Not a ‘I’m wearing a bathroom towel as a cape and doing my best angry Christian Bale impression’ Batman - actual, Batsuit wearing, Batarang throwing, throat punching Batman.
It is awesome.
One of the biggest surprises of this year’s E3 video game conference was issued by Rocksteady Games during the PlayStation news conference. The studio had told everyone they’d hung up the cowl having polished off their Arkham trilogy with 2015’s hugely successful Arkham Knight. They were lying.
I am beyond thrilled that they were lying.
Alfred approaches me in Wayne manor at the (fully interactive) grand piano. I’ve always wanted a butler. Something has happened to Dick Grayson, and I need to suit up. I am about to put on the Batsuit. I am 12-years-old all over again.
There follows a sequence of gloving, cowling and general dressing – which includes a moment that allows you to dance about in front of a mirror as frickin’ Batman. Hip thrusts complete, I arm myself with a scene scanner, batarangs and grappling gun. It feels… right. I never want to take this off.
One of a clutch of 50 VR experiences and games that will launch alongside the PlayStation VR in October, Arkham VR doesn’t boast the same scale as Rocksteady’s previous titles: there’s about an hour of core game, supplemented by an addition 45 minutes of extras and secrets for those with a keen eye.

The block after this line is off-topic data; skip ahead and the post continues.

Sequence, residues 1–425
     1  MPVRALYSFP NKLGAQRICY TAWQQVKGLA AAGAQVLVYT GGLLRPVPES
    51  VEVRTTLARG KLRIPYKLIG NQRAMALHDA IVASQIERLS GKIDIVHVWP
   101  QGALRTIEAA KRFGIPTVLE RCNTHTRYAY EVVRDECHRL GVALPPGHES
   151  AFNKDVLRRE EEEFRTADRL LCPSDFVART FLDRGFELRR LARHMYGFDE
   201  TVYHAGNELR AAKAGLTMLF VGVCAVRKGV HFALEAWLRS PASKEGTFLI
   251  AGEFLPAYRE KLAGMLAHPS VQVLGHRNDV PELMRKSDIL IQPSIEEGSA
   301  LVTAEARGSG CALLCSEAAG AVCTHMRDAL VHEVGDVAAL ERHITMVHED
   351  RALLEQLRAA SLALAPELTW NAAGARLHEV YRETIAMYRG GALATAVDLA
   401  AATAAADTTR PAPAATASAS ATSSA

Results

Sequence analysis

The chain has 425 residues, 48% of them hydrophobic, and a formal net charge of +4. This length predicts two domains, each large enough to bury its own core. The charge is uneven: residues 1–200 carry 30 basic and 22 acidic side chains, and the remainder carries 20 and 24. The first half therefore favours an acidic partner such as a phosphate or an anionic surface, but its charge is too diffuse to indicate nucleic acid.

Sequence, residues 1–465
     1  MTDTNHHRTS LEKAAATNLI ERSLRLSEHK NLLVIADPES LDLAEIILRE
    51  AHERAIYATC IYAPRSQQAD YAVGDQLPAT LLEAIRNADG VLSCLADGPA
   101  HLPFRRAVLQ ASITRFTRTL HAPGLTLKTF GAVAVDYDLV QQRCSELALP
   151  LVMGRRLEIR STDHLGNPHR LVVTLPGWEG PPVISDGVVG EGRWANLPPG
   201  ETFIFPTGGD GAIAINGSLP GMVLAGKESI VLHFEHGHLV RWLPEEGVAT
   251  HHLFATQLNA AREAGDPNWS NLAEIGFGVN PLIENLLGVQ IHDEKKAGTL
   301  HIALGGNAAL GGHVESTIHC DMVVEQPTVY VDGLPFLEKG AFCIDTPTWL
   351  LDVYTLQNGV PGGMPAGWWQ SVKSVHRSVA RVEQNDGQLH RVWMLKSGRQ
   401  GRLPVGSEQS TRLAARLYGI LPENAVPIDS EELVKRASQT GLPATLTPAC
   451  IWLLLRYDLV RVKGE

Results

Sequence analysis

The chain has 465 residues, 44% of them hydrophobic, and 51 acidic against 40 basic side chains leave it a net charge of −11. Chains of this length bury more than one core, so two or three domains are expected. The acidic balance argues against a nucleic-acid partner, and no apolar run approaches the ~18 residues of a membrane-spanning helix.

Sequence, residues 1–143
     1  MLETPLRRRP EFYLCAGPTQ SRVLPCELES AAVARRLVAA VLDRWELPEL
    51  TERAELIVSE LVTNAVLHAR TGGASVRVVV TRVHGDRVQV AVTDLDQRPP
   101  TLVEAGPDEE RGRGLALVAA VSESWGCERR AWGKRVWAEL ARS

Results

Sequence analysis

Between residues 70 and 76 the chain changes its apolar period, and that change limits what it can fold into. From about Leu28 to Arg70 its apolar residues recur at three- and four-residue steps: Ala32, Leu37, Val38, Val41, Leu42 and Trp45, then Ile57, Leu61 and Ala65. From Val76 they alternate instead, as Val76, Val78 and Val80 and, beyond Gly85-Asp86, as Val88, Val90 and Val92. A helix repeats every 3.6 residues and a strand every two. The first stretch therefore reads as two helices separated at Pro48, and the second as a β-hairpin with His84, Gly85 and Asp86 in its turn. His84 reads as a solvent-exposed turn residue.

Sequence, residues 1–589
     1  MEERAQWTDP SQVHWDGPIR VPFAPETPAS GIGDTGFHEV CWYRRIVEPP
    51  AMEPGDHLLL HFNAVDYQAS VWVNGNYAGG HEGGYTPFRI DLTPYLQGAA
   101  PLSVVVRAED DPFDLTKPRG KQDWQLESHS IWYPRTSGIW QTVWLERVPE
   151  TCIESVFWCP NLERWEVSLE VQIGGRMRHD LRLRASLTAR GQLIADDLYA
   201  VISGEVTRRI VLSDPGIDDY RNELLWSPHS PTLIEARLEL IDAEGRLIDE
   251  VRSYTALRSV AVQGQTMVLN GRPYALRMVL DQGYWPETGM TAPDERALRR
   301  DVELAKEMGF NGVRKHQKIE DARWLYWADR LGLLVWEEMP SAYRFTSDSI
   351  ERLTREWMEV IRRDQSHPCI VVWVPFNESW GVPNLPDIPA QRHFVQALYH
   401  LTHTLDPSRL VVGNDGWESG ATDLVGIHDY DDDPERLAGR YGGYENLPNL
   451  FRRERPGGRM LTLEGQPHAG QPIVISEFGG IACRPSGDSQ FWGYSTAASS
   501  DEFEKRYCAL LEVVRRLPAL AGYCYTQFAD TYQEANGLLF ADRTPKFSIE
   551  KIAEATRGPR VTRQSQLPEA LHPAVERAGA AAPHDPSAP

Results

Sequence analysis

I get a handle on the basics of the game in the 10 minutes of my Bat experience: in addition to wearing the VR headset, you interact through two PlayStation Move controllers, one in each hand. With these, you can grab items from your belt, scanning crime scenes, collecting evidence and tossing batarangs around like the Dark actual Knight.
Movement is controlled by ‘teleporting’ to hovering bat symbols, dodging the motion-sickness issues that usually come from attempting to move with a controller like a normal screen game.
I don’t want to spoil the crux of the story, but it’s an immediately familiar set up for those who’ve played previous Arkham titles. You approach a crime scene, scan for clues, recreate events and head off to kick the ass of the criminals responsible. The emphasis is on investigation and problem solving rather than rib breaking.
But that shouldn’t disappoint you. No VR game is yet ready to match the heights of Rocksteady’s Arkham trilogy. This experience is the perfect illustration of the potential of VR, the way you can expand on some themes you’ve already encountered in video games, but never thought you’d become obsessed with.